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Emission rates and the personal cloud effect associated with particle release from the perihuman environment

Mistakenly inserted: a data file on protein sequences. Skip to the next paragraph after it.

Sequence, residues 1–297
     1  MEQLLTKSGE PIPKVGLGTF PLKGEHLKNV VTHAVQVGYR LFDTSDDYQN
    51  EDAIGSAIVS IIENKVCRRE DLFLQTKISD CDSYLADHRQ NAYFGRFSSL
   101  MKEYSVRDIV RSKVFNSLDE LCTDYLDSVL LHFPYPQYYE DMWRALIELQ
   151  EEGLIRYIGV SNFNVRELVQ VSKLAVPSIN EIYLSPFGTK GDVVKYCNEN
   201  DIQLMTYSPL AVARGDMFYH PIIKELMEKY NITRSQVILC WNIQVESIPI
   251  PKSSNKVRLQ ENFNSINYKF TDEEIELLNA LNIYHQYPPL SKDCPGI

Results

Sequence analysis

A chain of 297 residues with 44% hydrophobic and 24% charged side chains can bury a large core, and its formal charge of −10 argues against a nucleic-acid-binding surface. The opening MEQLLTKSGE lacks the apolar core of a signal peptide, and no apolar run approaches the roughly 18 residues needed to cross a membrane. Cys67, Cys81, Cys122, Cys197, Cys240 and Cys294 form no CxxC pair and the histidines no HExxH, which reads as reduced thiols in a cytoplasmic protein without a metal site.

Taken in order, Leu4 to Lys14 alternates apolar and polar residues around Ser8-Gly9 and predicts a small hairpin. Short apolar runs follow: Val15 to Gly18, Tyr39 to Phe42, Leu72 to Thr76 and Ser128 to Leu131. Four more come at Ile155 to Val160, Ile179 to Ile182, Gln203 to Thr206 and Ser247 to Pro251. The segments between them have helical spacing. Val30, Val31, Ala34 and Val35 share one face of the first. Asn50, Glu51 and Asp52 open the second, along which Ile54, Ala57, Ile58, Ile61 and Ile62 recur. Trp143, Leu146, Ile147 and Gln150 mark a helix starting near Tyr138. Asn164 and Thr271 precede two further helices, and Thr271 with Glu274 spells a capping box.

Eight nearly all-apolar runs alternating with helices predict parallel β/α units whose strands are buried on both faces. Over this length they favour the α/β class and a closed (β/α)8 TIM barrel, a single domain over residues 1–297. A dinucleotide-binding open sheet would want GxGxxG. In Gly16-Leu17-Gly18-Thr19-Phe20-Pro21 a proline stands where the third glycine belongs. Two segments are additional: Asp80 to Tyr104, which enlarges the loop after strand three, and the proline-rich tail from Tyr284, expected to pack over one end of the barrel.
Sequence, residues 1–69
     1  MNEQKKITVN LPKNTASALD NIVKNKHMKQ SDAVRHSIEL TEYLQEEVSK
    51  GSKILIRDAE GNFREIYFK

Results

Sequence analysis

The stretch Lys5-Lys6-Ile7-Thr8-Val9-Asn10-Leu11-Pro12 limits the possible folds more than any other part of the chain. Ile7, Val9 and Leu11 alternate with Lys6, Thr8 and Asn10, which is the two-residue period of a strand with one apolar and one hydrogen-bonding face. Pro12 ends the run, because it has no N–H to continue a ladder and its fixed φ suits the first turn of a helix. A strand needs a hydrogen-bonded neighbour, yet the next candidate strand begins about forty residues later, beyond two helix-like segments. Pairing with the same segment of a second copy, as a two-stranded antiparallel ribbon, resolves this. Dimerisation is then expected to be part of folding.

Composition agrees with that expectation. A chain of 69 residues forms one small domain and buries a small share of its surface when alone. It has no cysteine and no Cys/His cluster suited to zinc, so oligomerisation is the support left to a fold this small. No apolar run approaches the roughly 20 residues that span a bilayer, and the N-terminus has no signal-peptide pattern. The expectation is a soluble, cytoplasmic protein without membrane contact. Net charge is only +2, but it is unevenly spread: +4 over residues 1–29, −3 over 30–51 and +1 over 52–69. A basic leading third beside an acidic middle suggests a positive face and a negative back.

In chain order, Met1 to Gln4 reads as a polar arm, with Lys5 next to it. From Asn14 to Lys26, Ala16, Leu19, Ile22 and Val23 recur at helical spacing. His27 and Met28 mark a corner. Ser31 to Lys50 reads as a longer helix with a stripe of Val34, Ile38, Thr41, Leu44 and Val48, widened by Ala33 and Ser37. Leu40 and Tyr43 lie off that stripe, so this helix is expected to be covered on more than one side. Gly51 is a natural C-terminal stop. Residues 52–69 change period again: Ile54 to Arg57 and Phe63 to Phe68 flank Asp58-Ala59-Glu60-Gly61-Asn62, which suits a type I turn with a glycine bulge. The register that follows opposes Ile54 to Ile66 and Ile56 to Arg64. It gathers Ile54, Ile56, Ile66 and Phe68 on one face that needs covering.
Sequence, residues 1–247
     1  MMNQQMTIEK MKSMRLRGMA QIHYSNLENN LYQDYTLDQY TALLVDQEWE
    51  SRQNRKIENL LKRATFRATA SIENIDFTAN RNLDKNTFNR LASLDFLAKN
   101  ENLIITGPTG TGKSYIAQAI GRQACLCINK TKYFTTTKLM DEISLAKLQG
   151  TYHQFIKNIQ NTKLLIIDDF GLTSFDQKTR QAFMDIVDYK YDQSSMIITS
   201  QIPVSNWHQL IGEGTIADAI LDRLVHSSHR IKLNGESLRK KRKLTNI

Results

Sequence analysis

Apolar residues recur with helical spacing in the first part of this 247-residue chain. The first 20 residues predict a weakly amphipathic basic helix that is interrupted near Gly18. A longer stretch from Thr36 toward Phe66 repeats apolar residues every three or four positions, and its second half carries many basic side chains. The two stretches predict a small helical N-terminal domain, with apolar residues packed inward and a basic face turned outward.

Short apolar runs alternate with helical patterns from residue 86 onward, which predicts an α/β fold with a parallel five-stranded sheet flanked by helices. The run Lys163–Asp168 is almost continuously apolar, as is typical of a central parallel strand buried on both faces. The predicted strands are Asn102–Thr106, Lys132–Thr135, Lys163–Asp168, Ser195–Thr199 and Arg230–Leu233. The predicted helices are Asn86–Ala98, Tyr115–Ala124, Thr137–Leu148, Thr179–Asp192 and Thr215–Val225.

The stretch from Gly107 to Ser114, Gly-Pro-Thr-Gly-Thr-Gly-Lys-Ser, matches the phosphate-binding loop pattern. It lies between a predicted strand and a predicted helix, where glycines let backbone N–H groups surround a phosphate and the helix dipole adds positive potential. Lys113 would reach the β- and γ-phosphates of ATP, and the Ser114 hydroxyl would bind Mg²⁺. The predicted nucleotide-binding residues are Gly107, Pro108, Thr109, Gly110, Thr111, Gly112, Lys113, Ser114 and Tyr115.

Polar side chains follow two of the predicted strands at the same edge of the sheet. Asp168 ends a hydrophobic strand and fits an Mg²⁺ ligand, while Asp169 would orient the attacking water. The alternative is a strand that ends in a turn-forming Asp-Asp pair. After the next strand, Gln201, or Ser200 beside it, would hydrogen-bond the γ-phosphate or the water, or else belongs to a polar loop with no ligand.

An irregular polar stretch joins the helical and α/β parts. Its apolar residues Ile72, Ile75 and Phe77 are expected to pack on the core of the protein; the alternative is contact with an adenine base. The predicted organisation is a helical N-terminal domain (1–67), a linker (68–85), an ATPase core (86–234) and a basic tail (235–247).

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Inhalation exposure to elevated particulate matter levels is correlated with deleterious health and well-being outcomes. Despite growing evidence that identifies humans as sources of coarse airborne particles, the extent to which personal exposures are influenced by particle releases near occupants is unknown. In a controlled chamber, we monitored airborne total particle levels with high temporal and particle-size resolution for a range of simulated occupant activities. We also sampled directly from the subject's breathing zone to characterize exposures. A material-balance model showed that a sitting occupant released 8 million particles/h in the diameter range 1-10 μm. Elevated emissions were associated with increased intensity of upper body movements and with walking. Emissions were correlated with exposure, but not linearly. The personal PM10 exposure increment above the room-average levels was 1.6-13 μg/m3 during sitting, owing to spatial heterogeneity of particulate matter concentrations, a feature that was absent during walking. The personal cloud was more discernible among larger particles, as would be expected for shedding from skin and clothing. Manipulating papers and clothing fabric was a strong source of airborne particles. An increase in personal exposure was observed owing to particle mass exchange associated with a second room occupant.

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